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Understanding the usefulness of electroencephalography source localization

Volume 66(5); May

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Clin Exp Pediatr > Volume 66(5); 2023
Lee: Understanding the usefulness of electroencephalography source localization
Electroencephalography (EEG) is a crucial neuroimaging technique that records brain activity by measuring electrical signals to diagnose neurological disorders, including epilepsy, tumors, and encephalitis [1]. EEG signals are created by the electrical activity induced by the excitation of neurons in the cerebral cortex [2]. Recording electrodes are placed on the scalp to receive electrical input from neurons. Magnetic encephalography (MEG) is another direct imaging technique used to detect electromagnetic signal changes using magnetic sensors placed on the scalp [2]. EEG and MEG can instantly measure electrical or magnetic field changes and offer a high temporal resolution of large-scale brain networks. However, spatial analysis remains restricted [2]. Other imaging modalities have been developed to detect the hemodynamic and metabolic changes in the brain, such as functional magnetic resonance imaging (MRI), positron emission tomography, and single-photon emission computed tomography, which provide good spatial resolution but limited temporal resolution [3].
The localization of active sources in the brain using EEG is referred to as EEG source localization [1]. Source localization of EEG refers to calculating the exact brain location of an electrical current recorded from the scalp [4]. A particular advantage of EEG source localization over other brain imaging methods is its high temporal resolution, which allows us to see the propagation pattern of the origin of activity in brain networks [5]. However, identifying the sources of EEG signal elements in the brain may be difficult because of limited spatial resolution. The development of advanced EEG source localization has resulted in good temporal and spatial resolutions [2]. The introduction of MRI visualized the brain anatomy in detail, while the incorporation of MRI into the source localization of EEG increased its accuracy [5].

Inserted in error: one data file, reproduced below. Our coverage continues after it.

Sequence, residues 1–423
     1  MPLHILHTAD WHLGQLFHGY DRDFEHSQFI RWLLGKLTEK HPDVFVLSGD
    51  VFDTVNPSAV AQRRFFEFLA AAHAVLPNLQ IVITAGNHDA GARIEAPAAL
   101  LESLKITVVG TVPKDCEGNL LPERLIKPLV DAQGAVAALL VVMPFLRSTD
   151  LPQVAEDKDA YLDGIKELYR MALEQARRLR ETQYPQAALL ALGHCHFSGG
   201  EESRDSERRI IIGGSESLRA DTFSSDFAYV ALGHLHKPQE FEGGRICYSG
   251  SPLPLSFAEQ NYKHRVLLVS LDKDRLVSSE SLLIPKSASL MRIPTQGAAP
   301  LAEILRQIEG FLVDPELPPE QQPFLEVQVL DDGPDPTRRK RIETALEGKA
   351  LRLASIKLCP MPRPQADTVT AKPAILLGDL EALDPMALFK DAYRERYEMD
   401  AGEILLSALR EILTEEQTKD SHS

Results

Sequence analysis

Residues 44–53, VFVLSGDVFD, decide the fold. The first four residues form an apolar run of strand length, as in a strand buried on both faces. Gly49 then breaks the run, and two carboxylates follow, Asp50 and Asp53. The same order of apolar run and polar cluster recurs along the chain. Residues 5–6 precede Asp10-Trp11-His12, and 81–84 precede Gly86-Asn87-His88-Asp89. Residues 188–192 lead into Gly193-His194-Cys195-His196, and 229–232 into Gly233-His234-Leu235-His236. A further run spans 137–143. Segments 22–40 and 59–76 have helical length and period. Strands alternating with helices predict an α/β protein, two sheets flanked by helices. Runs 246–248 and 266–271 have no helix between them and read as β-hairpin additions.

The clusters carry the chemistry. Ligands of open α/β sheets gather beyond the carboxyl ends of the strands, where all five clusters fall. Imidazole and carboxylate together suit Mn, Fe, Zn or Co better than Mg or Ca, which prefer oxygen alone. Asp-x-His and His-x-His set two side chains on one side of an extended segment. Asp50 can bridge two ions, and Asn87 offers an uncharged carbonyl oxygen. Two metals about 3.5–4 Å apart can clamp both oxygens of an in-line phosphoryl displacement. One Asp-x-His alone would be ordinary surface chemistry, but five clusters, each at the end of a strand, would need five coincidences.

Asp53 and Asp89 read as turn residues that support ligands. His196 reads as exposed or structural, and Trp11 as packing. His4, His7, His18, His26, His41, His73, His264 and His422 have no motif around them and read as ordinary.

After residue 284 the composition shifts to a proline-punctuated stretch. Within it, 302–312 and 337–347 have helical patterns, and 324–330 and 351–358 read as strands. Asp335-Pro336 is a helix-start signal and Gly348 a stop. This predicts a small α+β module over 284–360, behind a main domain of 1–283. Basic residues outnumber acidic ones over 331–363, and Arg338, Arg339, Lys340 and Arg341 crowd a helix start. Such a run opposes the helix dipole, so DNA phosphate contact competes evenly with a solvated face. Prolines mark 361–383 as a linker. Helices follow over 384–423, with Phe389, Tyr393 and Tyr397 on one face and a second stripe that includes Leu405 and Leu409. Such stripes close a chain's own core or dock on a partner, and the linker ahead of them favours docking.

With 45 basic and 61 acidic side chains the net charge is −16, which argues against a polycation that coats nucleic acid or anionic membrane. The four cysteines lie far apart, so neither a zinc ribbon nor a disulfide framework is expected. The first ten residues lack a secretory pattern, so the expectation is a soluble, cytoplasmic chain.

Based on a review by Eom, the source localization process must solve forward and inverse problems (Fig. 1) [1,3,5,6]. The forward problem is the expectation of scalp potentials from current sources and can be solved by an accurate head model [1,3,5]. The shape and conduction distribution of brain tissue strongly influence EEG signals. Therefore, an individualized MRI should be used to construct the exact head model and enable more precise source localization [4]. The inverse problem refers to estimating the precise location of a current source within the brain using scalp potential measurements [1]. One approach to this problem is to set limitations using reasonable assumptions about the volume conductor and generator anatomy. Several proposals have been introduced for the inverse problem [1,2,4,5]. In particular, the author described methods of the source analysis model, such as dipole source localization and distributed source localization. The dipole source localization recorded from scalp EEG can estimate the location sources by calculation of the location, direction, and moment parameters of the current dipoles [4,7]. However, dipole source localization requires an a priori assumption of only a few active areas in the brain, assumes a limited number of equivalent dipoles, and can be biased by missing dipoles [4,5]. Recent developments in brain imaging methods have resulted in more sophisticated options to localize brain sources from scalp EEG signals, and several methods of distributed source localization are currently used [4,5]. The most popular distributed source models are modified algorithms of minimum norm solutions, such as the weighted minimum norm solution, low-resolution electromagnetic tomography, and local autoregressive average [4,5,8].
EEG source localization, a valuable method for investigating brain neural networks and connectivity in clinical and cognitive neuroscience, is often combined with other functional or structural imaging methods [5,9]. The most commonly used methods involve localizing the epileptic focus in focal epilepsy or identifying the eloquent cortex as a presurgical assessment [4]. Furthermore, its clinical application has been extended to other neuropsychiatric diseases such as attention deficit disorder with hyperactivity, anxiety disorder, obsessive-compulsive disorder, and sleep disorders [3,5,10].
In the future, EEG source localization may effectively diagnose several brain disorders. Multimodal methods that combine EEG with high temporal resolution and brain imaging studies with high spatial resolution can provide more helpful information for diagnosing and researching brain abnormalities [2-4]. The applications of EEG source localization are extended by the implementation of advanced technology, such as brain-computer interfaces and machine learning algorithms. EEG source localization using these new technologies will increase our understanding of brain function.

Footnotes

Conflicts of interest

No potential conflict of interest relevant to this article was reported.

Fig. 1.
Schematic illustration of the forward and inverse problems in electroencephalography source localization. EEG, electroencephalography.
cep-2022-01480f1.jpg

References

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